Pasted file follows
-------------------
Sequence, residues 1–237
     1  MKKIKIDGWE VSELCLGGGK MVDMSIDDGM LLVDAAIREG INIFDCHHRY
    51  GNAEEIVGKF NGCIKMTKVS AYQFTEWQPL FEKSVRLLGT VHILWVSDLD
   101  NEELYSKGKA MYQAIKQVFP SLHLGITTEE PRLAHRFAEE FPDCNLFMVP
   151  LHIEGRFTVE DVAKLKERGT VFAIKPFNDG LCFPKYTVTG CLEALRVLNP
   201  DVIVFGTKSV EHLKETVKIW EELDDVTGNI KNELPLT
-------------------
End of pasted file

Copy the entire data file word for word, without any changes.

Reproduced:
Sequence, residues 1–237
     1  MKKIKIDGWE VSELCLGGGK MVDMSIDDGM LLVDAAIREG INIFDCHHRY
    51  GNAEEIVGKF NGCIKMTKVS AYQFTEWQPL FEKSVRLLGT VHILWVSDLD
   101  NEELYSKGKA MYQAIKQVFP SLHLGITTEE PRLAHRFAEE FPDCNLFMVP
   151  LHIEGRFTVE DVAKLKERGT VFAIKPFNDG LCFPKYTVTG CLEALRVLNP
   201  DVIVFGTKSV EHLKETVKIW EELDDVTGNI KNELPLT